… those that have flagged interim entries may not have to file a request for repayment. CBP will reportedly, as in the past, automatically process previously filed entry forms that already contain the GSP designators “A+,” “A” or “A*.” If CBP automatically processes the entries, then importers can expect to receive their refunds 90 days after CBP concludes the liquidation or reliquidation process. It is not yet certain whether CBP will automatically process refunds because during 2014 the President removed Russia and Bangladesh from the list of GSP-eligible countries. Importers who claimed GSP benefits on their entry forms for goods from those countries will therefore not be eligible for a refund, as those items are not duty-free. CBP is currently testing to see if automatic processing is a feasible option and will issue instructions on the processing of claims most likely next week but definitely before July 29.

Don’t think you’re out of luck if you didn’t mark your GSP eligible imports as indicated above.

Lexology explains what you need to do to get your money back:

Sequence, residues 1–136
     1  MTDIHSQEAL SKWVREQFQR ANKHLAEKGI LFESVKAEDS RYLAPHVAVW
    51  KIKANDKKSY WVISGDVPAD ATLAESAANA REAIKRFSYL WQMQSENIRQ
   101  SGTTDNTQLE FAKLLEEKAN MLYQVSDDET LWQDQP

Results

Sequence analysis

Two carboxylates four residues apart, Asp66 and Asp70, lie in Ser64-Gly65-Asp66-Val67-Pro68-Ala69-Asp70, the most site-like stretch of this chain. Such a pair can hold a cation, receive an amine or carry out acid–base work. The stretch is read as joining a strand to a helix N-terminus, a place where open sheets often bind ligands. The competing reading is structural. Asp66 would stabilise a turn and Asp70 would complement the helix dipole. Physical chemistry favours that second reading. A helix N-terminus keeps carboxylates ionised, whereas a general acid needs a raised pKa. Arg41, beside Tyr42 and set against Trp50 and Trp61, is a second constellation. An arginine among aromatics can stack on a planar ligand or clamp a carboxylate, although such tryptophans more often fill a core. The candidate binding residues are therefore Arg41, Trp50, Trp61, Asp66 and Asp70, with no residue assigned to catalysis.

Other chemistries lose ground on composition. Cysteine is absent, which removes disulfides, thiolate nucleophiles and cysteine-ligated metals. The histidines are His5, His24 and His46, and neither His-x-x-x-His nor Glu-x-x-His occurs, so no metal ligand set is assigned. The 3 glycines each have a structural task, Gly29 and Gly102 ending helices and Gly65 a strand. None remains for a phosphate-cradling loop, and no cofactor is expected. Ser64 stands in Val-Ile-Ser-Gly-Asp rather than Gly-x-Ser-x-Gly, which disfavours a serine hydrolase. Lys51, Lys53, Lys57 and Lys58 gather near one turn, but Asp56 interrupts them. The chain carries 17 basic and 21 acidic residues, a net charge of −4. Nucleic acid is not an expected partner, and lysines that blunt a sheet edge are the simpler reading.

Importers who did not flag their import entry with an “A+,” “A” or “A*” must submit a “sufficient” formal request to CBP within 150 days of the reauthorization’s July 29 effective date. A “sufficient” request provides enough information to allow CBP to locate or reconstruct the entry. If the good is eligible for the GSP and the importer files a sufficient request, CBP will pay the amount owed within 90 days of the completion of the liquidation or reliquidation process. The repayment does not include interest.

To be eligible for the retroactivity provision the goods must:

1. Be from a country considered a “beneficiary developing country” as of July 29, 2015 (note: Russia and Bangladesh no longer qualify);
2. Be designated an eligible article under the GSP in the Harmonized Tariff Schedule of the United States, as shown by the word “Free” in the “Special” duty-rate subcolumn, followed by the symbol “A+,” “A” or “A*” in parentheses;
3. Have entered the United States between July 31, 2013 and the July 29, 2015 effective date of the provision (“entered” includes the good being withdrawn from a warehouse to be used for consumption); and
4. Have been shipped directly to the United States, without further processing in a non-GSP-eligible country.

Importers must file requests with CBP by December 28, 2015—180 days after the President signed the Act.